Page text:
The Lucan Gospel, is responding to the same issues that Jesus dealt with, but this time it is the influx of people wanting to join “The Way” in the first century,( the first name given to people who followed Christ) and the criticism they received from the Pharisees and other people with ideas that God’s family was totally exclusive. New followers came from the Diaspora and also the fringe dwellers and outcasts from the local communities and this really upset the apple cart for the local Religious Jewish leaders. Now, in order for us to appreciate and incorporate the full import of the Parable of the Forgiving Father, we need to be keenly aware of what the first two parables teach us….they are somewhat like an Entrée before the main course which is the third Parable.
Let’s now look carefully at the first parable of the Shepherd with 100 sheep. In Our Lord’s time, to have 100 sheep meant that you were doing OK in life, and what returns you would get on these animals, kept Bread and Butter on the Table. Notice that the Shepherd is quick to notice that one was missing? That’s pretty good if you ask me….we might think, how would you know that one was missing, with so many? Let’s not forget that! The shepherd knows the nature of the mob of sheep, he could trust them to stick with each other, till he came back. The Shepherd instinctively knew that he would find the lost sheep! He also knew that the 99 others would stick together, even in the wilderness, not in their home ground.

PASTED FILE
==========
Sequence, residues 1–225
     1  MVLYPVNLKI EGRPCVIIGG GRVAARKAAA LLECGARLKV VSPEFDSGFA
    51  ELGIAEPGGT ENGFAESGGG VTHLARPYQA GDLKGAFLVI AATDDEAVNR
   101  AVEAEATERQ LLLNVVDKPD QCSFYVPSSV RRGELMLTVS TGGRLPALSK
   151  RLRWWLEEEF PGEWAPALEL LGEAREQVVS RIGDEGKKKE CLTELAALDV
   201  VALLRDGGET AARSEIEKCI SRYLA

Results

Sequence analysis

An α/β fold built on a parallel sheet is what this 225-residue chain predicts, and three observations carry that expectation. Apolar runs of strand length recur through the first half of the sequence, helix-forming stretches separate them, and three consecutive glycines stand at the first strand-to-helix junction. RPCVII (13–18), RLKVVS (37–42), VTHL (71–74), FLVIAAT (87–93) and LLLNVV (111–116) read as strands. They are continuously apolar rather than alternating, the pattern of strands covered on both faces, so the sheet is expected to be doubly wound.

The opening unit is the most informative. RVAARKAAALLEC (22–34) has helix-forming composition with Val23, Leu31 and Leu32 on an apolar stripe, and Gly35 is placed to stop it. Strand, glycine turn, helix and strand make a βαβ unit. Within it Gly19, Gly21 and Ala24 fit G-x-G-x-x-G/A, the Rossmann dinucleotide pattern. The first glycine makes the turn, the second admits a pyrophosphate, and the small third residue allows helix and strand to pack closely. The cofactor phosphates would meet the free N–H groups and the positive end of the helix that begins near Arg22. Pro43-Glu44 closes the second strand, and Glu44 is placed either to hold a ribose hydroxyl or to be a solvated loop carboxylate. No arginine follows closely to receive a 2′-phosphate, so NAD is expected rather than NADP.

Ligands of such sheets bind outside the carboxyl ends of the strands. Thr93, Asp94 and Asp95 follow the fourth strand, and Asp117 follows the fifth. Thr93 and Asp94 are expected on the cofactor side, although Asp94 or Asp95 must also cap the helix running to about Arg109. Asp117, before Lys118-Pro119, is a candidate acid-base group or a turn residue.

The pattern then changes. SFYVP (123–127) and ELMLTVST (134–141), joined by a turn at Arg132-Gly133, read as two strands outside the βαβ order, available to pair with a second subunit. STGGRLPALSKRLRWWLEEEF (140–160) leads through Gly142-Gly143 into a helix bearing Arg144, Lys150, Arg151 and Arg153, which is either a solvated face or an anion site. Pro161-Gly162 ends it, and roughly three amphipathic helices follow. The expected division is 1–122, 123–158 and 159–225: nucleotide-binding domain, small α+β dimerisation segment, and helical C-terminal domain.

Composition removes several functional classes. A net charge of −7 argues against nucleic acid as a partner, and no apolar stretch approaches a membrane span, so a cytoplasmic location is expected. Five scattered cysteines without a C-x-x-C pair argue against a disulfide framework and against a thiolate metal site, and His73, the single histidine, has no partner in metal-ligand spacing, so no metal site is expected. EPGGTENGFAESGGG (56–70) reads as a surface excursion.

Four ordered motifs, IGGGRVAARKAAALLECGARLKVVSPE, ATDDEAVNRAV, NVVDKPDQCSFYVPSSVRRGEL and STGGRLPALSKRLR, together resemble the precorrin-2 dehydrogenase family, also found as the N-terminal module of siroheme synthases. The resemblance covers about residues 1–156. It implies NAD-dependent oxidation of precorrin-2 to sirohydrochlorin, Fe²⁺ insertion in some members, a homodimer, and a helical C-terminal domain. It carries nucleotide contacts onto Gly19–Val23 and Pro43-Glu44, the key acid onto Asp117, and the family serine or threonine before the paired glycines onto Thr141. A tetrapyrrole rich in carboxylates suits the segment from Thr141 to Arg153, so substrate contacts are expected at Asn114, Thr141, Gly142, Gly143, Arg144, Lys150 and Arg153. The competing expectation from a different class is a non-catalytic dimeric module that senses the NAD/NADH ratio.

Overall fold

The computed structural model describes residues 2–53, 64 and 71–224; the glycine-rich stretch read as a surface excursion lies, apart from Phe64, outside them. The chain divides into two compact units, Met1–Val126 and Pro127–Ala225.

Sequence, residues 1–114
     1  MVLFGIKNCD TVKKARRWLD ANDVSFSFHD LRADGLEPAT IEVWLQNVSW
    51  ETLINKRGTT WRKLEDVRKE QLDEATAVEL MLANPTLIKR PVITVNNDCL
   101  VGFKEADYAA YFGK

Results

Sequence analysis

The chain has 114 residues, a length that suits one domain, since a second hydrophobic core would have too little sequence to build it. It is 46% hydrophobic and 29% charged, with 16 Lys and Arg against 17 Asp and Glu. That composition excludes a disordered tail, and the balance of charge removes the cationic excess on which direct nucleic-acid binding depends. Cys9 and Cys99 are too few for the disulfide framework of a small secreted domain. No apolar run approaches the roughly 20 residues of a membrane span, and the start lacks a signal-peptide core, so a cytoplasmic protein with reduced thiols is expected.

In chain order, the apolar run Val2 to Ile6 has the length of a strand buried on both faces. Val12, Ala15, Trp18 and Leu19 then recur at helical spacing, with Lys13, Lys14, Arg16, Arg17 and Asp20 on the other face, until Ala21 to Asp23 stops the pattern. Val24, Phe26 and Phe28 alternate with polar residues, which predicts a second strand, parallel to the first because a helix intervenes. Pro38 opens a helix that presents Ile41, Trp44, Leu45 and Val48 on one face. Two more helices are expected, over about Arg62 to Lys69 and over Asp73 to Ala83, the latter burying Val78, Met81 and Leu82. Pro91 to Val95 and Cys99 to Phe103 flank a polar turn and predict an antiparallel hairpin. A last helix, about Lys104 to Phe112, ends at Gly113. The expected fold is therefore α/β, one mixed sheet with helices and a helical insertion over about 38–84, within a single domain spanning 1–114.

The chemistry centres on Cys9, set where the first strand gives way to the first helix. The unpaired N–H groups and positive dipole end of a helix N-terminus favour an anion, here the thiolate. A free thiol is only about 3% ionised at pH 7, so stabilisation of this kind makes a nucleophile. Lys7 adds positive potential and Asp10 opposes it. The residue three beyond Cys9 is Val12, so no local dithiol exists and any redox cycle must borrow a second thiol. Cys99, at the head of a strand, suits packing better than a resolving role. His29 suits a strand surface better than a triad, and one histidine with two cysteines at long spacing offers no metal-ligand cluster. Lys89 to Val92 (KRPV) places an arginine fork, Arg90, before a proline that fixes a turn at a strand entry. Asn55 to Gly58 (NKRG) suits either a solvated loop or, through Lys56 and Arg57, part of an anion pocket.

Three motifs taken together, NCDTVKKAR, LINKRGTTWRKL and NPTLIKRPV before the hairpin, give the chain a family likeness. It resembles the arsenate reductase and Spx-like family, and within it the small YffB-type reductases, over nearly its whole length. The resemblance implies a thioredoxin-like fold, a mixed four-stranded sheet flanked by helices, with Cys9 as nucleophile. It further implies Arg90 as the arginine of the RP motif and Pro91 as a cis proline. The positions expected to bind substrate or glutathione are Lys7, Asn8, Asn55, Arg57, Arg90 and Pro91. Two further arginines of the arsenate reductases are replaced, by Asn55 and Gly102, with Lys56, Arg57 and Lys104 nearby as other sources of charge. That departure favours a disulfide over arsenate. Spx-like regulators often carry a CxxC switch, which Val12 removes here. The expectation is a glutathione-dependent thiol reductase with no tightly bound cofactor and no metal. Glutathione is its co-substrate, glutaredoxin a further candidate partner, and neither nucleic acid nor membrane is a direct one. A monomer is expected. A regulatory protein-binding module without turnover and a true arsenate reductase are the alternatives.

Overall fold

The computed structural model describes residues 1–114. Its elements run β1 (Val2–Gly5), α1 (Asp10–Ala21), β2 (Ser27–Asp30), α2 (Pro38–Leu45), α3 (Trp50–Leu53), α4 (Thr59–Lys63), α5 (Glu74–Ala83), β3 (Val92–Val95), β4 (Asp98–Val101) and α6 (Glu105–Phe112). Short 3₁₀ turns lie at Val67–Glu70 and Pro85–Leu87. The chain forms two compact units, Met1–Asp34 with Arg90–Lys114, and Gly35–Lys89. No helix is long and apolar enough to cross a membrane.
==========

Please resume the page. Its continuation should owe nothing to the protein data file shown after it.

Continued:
Upon the shepherd’s return to the sheep, with the lost one enjoying the security of being on the shepherd’s shoulders, the rejoicing at finding the one lost was shared in the community, thus underlining the absolute value of each sheep, especially the homecoming of the lost. Look how important each one of us is in the sight of God? Even in the crowd, no one can escape being un-noticed. We might think that our God does not particularly care about us as an individual…..this is great news that we are precious in his sight…it is on that note that we hear an echo of this sentiment in the Prophet Isaiah 43:3,4. “…….You are precious in my sight, because You are honoured, and I love you….says the Lord” Finally, a great deal of energy, desire and hope were part and parcel of the shepherd’s seeking of the lost one……our God in Jesus, has the same dispositions for each one of us. Let’s move onto the next parable about the lost drachma.
Obviously, the lost coin, like the sheep of the previous parable, represents the lost sinner.” Like the lost coin, many people are lost and are not aware that they are lost. “The soul of the sinner is ‘lost silver’ in the eyes of Jesus!”